Engagement is at the heart of what we’re trying to become as an organisation
We talk a lot about ‘engagement’ at the British Franchise Association. Last year, I announced my big three objectives, which were growth, promotion of franchising and engagement, so you can see it’s right at the very top of my list of priorities.
I thought it would be good to explore why this is so important for me personally, for us as an organisation and for the wider industry.
The reason engagement is such an area of focus for me and the association is that it’s key for all of us, both online and in real life.
Inviting feedback and engaging in dialogue is how you build and strengthen relationships.
Particularly in these times, where so many of us are working remotely, the building of an online community with shared goals can be incredibly powerful, from lobbying governments to crowdfunding investment. Now, more than ever, it can start with a click and end up changing the world.
We place so much value on engagement as a concept because it’s at the heart of what we’re trying to become as an organisation.
Our foundations are in standards and I believe that, while this was necessary for the industry and we will never lose sight of this core guiding principle, it’s time for the bfa to evolve.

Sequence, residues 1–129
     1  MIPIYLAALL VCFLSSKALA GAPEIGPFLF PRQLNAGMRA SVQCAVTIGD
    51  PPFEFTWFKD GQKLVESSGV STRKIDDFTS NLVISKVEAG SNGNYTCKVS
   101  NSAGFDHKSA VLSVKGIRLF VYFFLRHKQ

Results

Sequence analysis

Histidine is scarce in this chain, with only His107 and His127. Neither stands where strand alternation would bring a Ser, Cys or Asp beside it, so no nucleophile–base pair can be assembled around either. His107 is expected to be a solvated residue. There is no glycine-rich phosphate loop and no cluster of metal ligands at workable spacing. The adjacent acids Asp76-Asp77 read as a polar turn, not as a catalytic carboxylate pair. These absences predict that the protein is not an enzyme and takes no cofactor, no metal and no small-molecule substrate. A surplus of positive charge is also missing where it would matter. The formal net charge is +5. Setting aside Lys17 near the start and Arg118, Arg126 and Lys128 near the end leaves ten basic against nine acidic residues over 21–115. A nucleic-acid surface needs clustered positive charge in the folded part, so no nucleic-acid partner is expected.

As part of this organic transformation, we’re building on the way in which we communicate, whether that’s online, through the virtual events we’re holding and, when the time comes for us to return to them, through face-to-face events and meetings.
My vision for the bfa is an organisation that keeps a focus on all the important factors our members look to us for, but that actively invites a two-way dialogue.
I see us as a hub where the whole industry can share information and participate in meaningful dialogue.
I would like to pause for a moment and think about the word ‘meaningful’ too.
We recently posted an exercise we carried out in a team meeting around what each member would have as a topic at their own TED Talk.
The exercise was only a bit of fun, but we posted it on LinkedIn and it became a fascinating thread due to the contributions of others. Ideas have been shared and it’s sparked some exciting discussions about potential ideas for future content too.
Reaching out to non-members
We’re also making a bigger effort to engage with those outside our membership.
During the pandemic, we’ve been operating the Franchise Collective, a support forum on LinkedIn for all franchisors, not just bfa members.
We also run our Buy a Franchise seminars aimed at those new to the world of franchising and considering their options.
We will continue to expand these services. In the meantime, we warmly invite discussion, no matter what stage you’re at in your franchise journey.
Pip Wilkins is CEO of the British Franchise Association